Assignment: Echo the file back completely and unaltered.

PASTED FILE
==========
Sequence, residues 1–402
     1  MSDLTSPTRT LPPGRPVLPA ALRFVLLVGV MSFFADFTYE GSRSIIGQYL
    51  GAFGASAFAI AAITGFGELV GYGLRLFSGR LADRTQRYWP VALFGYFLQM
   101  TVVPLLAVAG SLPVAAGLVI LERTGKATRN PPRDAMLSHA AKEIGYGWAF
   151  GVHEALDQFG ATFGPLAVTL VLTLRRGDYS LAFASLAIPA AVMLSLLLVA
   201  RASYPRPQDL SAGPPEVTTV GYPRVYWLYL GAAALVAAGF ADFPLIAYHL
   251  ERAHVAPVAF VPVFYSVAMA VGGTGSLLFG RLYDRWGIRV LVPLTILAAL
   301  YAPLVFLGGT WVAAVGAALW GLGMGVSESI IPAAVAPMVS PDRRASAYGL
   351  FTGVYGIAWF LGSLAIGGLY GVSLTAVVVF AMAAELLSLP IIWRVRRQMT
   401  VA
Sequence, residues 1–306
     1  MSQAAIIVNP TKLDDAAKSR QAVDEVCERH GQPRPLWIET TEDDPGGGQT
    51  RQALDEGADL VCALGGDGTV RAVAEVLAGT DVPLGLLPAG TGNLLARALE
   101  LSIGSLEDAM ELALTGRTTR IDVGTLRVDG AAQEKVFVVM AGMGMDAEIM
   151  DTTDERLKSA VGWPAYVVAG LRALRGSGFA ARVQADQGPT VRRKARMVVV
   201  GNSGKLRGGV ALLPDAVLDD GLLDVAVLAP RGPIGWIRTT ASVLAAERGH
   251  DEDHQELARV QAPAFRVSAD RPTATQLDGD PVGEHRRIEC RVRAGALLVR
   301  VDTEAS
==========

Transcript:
Sequence, residues 1–402
     1  MSDLTSPTRT LPPGRPVLPA ALRFVLLVGV MSFFADFTYE GSRSIIGQYL
    51  GAFGASAFAI AAITGFGELV GYGLRLFSGR LADRTQRYWP VALFGYFLQM
   101  TVVPLLAVAG SLPVAAGLVI LERTGKATRN PPRDAMLSHA AKEIGYGWAF
   151  GVHEALDQFG ATFGPLAVTL VLTLRRGDYS LAFASLAIPA AVMLSLLLVA
   201  RASYPRPQDL SAGPPEVTTV GYPRVYWLYL GAAALVAAGF ADFPLIAYHL
   251  ERAHVAPVAF VPVFYSVAMA VGGTGSLLFG RLYDRWGIRV LVPLTILAAL
   301  YAPLVFLGGT WVAAVGAALW GLGMGVSESI IPAAVAPMVS PDRRASAYGL
   351  FTGVYGIAWF LGSLAIGGLY GVSLTAVVVF AMAAELLSLP IIWRVRRQMT
   401  VA
Sequence, residues 1–306
     1  MSQAAIIVNP TKLDDAAKSR QAVDEVCERH GQPRPLWIET TEDDPGGGQT
    51  RQALDEGADL VCALGGDGTV RAVAEVLAGT DVPLGLLPAG TGNLLARALE
   101  LSIGSLEDAM ELALTGRTTR IDVGTLRVDG AAQEKVFVVM AGMGMDAEIM
   151  DTTDERLKSA VGWPAYVVAG LRALRGSGFA ARVQADQGPT VRRKARMVVV
   201  GNSGKLRGGV ALLPDAVLDD GLLDVAVLAP RGPIGWIRTT ASVLAAERGH
   251  DEDHQELARV QAPAFRVSAD RPTATQLDGD PVGEHRRIEC RVRAGALLVR
   301  VDTEAS